In 2017, more than half (52%) of new product launches in the meat-free sector were vegan or contained no animal ingredients, up from 28% in 2014.
The rise in the number of vegan launches was reflected in the growth of UK adults who have eaten vegetarian or meat-free foods in the six months to July 2018 – 56%, up from 50% for the same period in 2017.
Mintel research analyst Alyson Parkes said that, while the meat-free market was not vegan by definition, there had been a significant increase in the number of new products carrying a vegan claim.
“The buzz surrounding ‘Veganuary’ gained momentum in January 2018, with a raft of vegan products launching to capitalise on the month-long meat-free movement,” explained Parkes.
‘Capitalise on this interest’
“Vegan claims in the market span own-label products, as well as branded ones, signalling that supermarkets are also keen to capitalise on this interest.”
Sales of meat-free foods were estimated to reach £740m this year, up 22% from 2013. Growth is set to continue, as value sales of the meat-free market were forecast to increase by a further 44% by 2023 to reach £1.1bn.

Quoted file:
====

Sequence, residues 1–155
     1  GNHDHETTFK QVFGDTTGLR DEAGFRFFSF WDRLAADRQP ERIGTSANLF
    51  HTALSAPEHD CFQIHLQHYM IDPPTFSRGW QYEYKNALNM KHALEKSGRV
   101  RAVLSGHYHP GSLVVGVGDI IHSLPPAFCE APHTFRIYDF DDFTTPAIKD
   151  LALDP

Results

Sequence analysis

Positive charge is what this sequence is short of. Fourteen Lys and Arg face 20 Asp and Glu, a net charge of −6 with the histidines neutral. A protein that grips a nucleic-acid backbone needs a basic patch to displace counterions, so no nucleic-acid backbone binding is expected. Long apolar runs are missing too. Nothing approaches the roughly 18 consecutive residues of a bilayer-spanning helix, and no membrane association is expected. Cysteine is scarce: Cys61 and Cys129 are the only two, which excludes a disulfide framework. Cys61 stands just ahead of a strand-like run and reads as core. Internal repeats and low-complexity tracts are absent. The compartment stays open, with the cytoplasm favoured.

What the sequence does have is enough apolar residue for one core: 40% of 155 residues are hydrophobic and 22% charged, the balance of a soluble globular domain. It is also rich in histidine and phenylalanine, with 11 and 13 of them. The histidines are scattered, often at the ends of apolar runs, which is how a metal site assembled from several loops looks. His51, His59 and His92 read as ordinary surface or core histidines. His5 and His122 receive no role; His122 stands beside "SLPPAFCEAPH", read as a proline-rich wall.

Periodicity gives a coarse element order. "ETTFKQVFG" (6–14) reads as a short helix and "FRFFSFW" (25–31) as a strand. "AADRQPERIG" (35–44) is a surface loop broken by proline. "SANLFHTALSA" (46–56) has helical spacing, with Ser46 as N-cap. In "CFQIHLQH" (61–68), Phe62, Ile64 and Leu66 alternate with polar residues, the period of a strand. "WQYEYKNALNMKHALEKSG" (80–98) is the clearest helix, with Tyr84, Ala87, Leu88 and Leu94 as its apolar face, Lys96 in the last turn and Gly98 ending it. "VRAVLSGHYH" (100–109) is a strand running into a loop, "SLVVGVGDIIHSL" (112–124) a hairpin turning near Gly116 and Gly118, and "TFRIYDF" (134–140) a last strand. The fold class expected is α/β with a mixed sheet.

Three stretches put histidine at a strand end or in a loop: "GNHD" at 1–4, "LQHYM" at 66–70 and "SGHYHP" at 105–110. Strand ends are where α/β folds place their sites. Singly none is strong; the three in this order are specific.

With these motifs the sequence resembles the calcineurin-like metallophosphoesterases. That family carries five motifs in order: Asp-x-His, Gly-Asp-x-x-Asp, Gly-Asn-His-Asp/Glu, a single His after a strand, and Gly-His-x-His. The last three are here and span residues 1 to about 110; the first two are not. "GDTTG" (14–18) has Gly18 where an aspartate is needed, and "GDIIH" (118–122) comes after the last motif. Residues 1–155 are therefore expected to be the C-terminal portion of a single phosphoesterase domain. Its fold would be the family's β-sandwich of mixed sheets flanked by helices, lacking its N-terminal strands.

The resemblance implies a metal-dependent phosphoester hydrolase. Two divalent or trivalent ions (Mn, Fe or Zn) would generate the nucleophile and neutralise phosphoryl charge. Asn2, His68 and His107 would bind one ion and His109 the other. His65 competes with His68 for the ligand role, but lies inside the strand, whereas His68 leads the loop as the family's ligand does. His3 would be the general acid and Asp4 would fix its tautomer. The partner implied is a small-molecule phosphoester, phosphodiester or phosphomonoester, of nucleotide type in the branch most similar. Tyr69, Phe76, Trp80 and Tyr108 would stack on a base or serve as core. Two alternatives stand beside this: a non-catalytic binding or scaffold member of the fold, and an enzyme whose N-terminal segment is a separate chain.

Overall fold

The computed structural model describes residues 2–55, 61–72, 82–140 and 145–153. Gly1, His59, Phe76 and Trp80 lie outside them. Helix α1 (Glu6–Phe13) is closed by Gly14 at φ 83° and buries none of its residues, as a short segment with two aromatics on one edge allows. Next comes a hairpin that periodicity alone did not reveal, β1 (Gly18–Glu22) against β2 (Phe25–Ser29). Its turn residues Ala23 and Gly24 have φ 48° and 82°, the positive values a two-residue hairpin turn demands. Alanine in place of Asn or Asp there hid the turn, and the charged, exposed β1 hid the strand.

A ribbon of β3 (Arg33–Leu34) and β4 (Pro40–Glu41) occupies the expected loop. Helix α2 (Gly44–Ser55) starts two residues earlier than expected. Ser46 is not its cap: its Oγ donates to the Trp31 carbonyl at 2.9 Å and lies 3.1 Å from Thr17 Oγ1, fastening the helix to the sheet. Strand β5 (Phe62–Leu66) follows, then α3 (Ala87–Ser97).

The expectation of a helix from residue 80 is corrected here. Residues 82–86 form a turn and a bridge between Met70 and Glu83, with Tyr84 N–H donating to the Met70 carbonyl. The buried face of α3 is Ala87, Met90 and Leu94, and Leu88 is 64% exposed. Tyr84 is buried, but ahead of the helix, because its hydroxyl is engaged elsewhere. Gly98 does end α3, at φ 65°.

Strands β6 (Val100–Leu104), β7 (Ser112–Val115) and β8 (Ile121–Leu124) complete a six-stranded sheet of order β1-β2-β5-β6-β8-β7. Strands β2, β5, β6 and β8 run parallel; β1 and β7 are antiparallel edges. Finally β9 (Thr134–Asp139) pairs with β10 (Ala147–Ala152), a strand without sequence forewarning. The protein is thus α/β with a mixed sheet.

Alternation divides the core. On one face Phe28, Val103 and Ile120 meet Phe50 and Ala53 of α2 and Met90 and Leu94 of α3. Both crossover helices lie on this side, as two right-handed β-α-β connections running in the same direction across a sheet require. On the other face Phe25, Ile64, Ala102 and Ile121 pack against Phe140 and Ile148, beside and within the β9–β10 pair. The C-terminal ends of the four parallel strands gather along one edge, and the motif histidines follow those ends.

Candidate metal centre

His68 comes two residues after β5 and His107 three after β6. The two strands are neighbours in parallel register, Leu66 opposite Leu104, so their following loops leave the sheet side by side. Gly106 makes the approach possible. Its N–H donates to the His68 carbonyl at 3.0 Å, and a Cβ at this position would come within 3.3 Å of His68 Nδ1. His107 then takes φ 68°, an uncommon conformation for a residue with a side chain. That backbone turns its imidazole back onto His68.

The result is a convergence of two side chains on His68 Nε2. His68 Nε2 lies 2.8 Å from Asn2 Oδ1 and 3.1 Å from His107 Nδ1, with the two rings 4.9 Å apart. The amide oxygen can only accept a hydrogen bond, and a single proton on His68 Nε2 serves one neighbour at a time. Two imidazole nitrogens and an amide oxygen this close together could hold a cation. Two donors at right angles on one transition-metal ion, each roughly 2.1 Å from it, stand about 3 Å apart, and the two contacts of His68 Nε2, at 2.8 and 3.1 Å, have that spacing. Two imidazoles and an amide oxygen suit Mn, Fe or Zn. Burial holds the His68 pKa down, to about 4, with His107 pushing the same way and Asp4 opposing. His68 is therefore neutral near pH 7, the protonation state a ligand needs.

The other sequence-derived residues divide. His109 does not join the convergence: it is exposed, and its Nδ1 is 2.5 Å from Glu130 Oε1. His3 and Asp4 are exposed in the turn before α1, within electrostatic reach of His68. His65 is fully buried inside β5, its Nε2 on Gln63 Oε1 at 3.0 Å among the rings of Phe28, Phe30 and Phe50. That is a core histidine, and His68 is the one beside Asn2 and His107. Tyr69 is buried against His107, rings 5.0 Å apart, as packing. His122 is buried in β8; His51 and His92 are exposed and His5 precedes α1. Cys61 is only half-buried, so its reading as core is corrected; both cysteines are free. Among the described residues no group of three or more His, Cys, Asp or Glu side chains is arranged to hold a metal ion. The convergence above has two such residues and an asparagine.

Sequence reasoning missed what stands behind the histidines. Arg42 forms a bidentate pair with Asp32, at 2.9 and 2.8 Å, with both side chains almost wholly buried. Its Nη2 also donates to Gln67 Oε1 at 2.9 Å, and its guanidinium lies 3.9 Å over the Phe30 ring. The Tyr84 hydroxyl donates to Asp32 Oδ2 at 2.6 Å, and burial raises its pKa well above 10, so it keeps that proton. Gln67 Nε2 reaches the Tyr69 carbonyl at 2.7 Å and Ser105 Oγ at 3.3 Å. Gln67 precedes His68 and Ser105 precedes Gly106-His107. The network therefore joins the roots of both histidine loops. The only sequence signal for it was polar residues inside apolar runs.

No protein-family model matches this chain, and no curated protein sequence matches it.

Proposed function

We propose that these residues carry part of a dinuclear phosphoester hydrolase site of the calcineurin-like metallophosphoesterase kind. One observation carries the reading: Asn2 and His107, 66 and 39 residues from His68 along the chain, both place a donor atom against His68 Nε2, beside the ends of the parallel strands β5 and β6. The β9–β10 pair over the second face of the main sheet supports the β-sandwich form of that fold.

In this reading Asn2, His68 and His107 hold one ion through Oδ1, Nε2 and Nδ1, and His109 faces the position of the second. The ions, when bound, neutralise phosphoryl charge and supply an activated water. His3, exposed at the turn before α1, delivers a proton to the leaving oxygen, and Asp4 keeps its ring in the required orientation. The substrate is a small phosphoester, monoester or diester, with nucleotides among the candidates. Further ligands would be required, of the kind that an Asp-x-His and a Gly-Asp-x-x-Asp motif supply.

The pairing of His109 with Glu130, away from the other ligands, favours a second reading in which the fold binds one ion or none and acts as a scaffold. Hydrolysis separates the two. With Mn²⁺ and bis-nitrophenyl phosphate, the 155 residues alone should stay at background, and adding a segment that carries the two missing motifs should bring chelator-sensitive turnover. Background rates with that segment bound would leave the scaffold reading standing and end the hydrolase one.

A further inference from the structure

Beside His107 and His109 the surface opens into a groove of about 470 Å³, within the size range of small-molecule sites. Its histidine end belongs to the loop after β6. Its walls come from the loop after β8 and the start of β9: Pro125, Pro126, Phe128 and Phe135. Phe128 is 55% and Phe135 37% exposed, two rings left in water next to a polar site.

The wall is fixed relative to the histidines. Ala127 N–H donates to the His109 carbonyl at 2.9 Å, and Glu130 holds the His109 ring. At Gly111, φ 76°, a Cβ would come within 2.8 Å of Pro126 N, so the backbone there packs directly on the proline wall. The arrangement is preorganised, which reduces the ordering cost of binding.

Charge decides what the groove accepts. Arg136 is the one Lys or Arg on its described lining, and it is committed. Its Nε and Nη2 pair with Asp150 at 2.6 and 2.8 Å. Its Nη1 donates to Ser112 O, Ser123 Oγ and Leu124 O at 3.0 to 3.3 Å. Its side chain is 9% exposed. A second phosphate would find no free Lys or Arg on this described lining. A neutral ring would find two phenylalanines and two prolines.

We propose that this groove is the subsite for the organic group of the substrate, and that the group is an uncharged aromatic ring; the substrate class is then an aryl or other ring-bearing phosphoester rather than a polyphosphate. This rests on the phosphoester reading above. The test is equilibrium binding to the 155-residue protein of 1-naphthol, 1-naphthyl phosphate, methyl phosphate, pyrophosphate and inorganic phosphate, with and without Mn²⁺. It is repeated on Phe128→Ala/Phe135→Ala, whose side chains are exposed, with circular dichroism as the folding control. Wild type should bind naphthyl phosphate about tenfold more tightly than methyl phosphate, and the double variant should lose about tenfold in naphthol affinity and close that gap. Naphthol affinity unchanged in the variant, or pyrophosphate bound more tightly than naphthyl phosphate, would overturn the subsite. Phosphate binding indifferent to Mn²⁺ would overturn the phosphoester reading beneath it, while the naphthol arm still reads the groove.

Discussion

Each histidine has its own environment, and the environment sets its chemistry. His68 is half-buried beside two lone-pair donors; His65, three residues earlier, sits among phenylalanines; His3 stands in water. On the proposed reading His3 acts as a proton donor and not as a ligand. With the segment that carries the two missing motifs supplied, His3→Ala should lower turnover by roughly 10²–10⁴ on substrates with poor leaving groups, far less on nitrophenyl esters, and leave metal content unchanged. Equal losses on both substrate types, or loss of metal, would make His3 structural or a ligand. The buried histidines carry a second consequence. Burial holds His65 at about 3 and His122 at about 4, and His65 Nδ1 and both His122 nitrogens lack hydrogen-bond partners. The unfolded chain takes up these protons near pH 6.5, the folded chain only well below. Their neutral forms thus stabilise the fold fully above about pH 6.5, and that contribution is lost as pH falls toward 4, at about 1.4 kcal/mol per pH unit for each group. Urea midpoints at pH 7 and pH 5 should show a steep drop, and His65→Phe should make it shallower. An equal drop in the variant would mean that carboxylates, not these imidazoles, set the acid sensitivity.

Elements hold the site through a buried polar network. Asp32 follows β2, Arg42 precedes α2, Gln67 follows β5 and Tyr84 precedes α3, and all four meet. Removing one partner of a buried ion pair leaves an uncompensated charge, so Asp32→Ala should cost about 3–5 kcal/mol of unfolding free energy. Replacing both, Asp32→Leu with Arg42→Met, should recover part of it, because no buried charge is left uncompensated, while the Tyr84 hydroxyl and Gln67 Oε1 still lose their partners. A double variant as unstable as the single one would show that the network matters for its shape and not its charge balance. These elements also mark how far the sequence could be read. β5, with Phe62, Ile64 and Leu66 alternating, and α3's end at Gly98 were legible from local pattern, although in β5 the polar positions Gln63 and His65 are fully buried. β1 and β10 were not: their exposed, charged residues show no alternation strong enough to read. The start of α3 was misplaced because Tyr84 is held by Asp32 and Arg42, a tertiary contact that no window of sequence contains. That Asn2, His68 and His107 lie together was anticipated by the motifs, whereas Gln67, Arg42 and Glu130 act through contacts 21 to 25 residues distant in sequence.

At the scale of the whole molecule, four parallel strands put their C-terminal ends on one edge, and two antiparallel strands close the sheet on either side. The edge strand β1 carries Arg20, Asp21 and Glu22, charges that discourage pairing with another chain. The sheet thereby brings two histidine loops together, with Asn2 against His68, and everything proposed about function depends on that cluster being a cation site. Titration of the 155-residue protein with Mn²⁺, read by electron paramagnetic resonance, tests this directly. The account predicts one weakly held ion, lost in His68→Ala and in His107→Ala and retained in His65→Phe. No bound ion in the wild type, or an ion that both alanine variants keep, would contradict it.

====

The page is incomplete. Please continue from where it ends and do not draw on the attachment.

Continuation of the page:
Mintel’s research also found that, while 90% of Brits were still red meat and poultry eaters, 34% have reduced their meat consumption in 2018. This number grew to 40% among the 25- to 34-year-old age bracket.
A further 21% of meat eaters said they would be interested in limiting or reducing their meat consumption in the future, which highlighted the growing appeal of meat reduction. Top reasons to reduce meat consumption were the perceived health benefits and to save money (see box below).
“The UK’s overarching health trend has underpinned meat reduction behaviours, with consumers increasingly looking for better-for-you food and drink products,” added Parkes.
“However, the benefits associated with eating less meat extend far beyond health, also encompassing animal ethics and the environment.”
According to the research, the easiest way for food manufacturers to capture the vegan market was to create products that tasted like meat, the top enticing factor for infrequent eaters of vegetarian and meat-free foods.
There was also interest in products that replicate meat in other ways. Up to 15% of respondents said meat-free burgers that ‘bled’ were appealing, rising to 25% of 16- to 34-year-olds.
Meanwhile, last month, Sainsbury’s launched more meat-free products, this time targeting flexitarians with vegan mince and burger patties, made from plants by start-up firm The Meatless Farm Co.